After testing a variety of mermaid tails with thousands of students at Aquamermaid school we designed our own tail with the most secure and safe features. The monofin is made of flexible plastic with individual foot pockets and adjustable straps for a perfect fit. For the tail costume, we opted for polyester stretch fabric that is lightweight and resistant to chlorine to keep bright colors. The tail offers a close fit to the body without absorbing water, which prevents drag. Check out Aquamermaid tails for kids and adults.
*Note: Often kids will stay underwater to take a little break because it is less demanding than swimming with their arms and tail to keep their head above water. This can be stressful, but get to know your swimmers and whether they are relaxing underwater or if they are in distress.
Are mermaid tails allowed in public pools?
- With the fast-growing popularity of swimmable mermaid tails many pools and cities did not know what to do with the new trend. Many decided to ban mermaid tails to avoid any problems since they were unsure if any risks were associated with this new equipment.
- I suggest calling your local swimming pool before showing up. Ask them what their policy is regarding mermaid tails and if you are allowed to swim with your tail during the leisure swim.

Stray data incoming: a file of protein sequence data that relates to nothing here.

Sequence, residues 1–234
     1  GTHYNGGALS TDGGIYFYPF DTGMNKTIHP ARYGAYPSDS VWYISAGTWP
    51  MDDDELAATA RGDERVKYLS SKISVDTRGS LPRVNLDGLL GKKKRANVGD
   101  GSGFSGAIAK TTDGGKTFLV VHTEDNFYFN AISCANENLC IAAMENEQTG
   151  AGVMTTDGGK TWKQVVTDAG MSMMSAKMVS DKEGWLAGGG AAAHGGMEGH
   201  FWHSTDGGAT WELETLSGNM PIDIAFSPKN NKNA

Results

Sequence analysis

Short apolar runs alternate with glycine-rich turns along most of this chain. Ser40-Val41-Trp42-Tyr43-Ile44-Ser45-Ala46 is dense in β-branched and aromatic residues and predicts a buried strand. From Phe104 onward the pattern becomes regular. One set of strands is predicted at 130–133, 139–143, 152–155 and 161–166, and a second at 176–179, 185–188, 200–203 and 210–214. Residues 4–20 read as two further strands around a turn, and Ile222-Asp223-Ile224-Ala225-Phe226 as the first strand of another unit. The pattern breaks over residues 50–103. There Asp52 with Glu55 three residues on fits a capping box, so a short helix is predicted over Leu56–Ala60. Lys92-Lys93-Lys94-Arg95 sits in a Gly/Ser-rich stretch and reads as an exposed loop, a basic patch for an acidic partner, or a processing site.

- Since it can be tricky to find a pool to practice mermaid swimming, we organize leisurely mermaid swim meets during Aquamermaid pool rental time in many cities. Learn more about that.
Mermaid tail in CANADA & USA:
- Some cities like Edmonton Canada associated mermaid tails with the freediving sport and breath-holding and mentioned their ban was justified that breath-holding leads to blackouts. This means all the city-managed pools did not allow mermaid tails. However private pools like YMCA and hotels are still available for mermaid swimmers.
- Most pools make their own policy, some requiring a swim test to be allowed to swim with a mermaid tail during leisure swim. Some allow mermaid tails only when the pool is not to busy and only in the shallow section.
Are mermaid tails banned in Australia?
There was a study conducted by the Royal Life Saving Society of WA to test the swimming skills of children aged between 2 and 12, both while wearing and not wearing the tails and fins.
“While we knew that swimming ability would obviously be affected by wearing mermaid tails or fins, we didn’t know to what extent.’’ stated David Hilyard, Commissioner for Consumer Protection